- As a result of (3), you choose to believe that it couldn’t have been as bad as it sounds. Your natural inclination is to assume there was a misunderstanding.
- You report this to the accusing party.
You aren’t trying to disregard your friend’s feelings—in truth, you’re just trying to protect your own—but what you’ve done here is opened the door for second-guessing. Second-guessing something that was probably hard to talk about in the first place. Without even intending to, you have silenced her.
Victim blaming isn’t something any friend sets out to do. (Anyone who does so openly and candidly is honestly not a friend—I have stories about that, too.) Victim blaming is something so subtle it can slip by us without so much as a glance.
After my first two abusive relationships (G2 and G3), I was re-applying for a job as a dispatcher. During one of the interviews, the abuse came up in conversation. My interviewers informed me that these relationships proved I had poor decision-making skills and denied me the job. (Before you jump into legality, I can’t prove that was the reason. It was, though.)
It took me several years to get over the shame and the self-blame of those first two, but now I won’t apologize when I tell you that I have been abused. I won’t shrink away and say, “I…I know I should have gotten out sooner, but…” I notice the signs now, and I avoid them. In the case of G4, it took a while to notice the pattern, but when I did—and I realized it was slowly getting worse and worse—I got out, six months before the wedding.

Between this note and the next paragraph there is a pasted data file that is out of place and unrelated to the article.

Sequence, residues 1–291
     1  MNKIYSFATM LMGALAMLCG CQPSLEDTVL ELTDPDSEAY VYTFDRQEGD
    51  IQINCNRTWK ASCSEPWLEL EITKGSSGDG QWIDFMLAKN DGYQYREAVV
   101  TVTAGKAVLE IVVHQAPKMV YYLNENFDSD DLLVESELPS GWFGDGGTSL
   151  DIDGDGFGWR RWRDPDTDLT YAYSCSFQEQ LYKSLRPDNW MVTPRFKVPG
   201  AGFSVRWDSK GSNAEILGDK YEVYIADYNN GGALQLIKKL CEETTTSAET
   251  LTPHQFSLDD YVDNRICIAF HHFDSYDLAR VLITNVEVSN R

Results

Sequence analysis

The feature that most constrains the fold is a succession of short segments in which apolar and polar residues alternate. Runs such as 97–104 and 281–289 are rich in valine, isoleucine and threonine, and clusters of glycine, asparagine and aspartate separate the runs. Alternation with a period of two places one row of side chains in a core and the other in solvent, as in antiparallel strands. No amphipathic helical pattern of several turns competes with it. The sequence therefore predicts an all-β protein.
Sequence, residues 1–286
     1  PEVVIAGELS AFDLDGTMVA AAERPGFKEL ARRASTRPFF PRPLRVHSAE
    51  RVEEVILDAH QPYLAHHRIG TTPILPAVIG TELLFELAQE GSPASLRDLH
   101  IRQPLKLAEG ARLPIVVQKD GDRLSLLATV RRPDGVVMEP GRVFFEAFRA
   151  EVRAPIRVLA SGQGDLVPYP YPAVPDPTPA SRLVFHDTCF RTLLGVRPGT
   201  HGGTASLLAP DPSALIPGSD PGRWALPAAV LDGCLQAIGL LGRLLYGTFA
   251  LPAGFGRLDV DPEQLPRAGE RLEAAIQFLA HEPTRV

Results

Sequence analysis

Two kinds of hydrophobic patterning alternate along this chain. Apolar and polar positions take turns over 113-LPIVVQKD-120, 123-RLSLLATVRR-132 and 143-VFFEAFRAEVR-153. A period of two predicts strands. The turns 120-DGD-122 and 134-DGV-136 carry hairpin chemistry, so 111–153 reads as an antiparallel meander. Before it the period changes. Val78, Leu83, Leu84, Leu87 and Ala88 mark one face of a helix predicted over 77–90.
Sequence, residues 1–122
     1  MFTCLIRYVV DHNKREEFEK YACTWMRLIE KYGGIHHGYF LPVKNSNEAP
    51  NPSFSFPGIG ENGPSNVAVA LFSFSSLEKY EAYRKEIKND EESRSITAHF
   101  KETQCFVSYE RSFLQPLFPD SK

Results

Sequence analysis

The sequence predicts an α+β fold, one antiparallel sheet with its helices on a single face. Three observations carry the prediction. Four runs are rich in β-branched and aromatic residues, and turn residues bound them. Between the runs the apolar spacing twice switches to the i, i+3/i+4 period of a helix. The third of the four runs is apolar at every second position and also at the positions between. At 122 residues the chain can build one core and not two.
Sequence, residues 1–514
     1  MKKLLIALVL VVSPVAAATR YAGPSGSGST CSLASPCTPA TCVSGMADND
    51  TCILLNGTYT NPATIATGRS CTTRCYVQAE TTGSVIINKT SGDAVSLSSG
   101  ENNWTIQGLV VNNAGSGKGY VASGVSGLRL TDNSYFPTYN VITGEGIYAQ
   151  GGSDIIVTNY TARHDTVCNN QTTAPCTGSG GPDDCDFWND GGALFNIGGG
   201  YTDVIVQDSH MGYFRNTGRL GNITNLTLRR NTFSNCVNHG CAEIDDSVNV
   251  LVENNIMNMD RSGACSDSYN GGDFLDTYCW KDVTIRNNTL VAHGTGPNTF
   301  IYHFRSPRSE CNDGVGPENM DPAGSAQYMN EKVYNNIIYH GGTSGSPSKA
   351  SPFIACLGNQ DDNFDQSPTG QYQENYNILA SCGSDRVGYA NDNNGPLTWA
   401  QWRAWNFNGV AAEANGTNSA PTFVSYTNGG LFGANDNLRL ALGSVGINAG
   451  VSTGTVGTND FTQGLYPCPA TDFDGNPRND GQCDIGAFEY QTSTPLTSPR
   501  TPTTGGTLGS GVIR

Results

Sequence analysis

Getting out isn’t as easy as it sounds, and I won’t look down on anyone going through a similar experience. Women in these situations need help and encouragement—not shame, not blame, not doubt. Strength.
My roommate once asked me what my biggest regret was, and I said I didn’t have any. “None at all?” “Nope. Because it’s all important. Our pasts make up who we are, and I like who I am. I wouldn’t be who I am without everything that’s brought me to this point. It’s all important.”
It’s a part of my history. I can’t change it, and honestly, I don’t know that I would given the chance. Not changing your past doesn’t mean you have to relive it, after all. I love and appreciate every lesson I’ve learned, however hard it was.
I don’t make billboards about my abusive relationships, but I don’t make any effort to hide them. And sometimes people still try to shame me—whether it’s with words, body language, or a sudden, superior attitude. It doesn’t work, though. Here’s a quick tip: you can’t shame me about my life, my choices, my hobbies, my aspirations, my friends, or my past. It’s pointless trying.
You can’t shame me because I am not ashamed.
We interrupt this story-in-progress to bring you an update from the future. Ok, now that you’re here, it’s the present. Welcome back!
I ran out of words a few days ago. Words about my current life, that is. I started a new freelance gig, and all my words are currently going there. It’s a welcome distraction from reality and gives me a sense of forward motion. It restores some of my confidence. It reminds me that I’m ok on my own.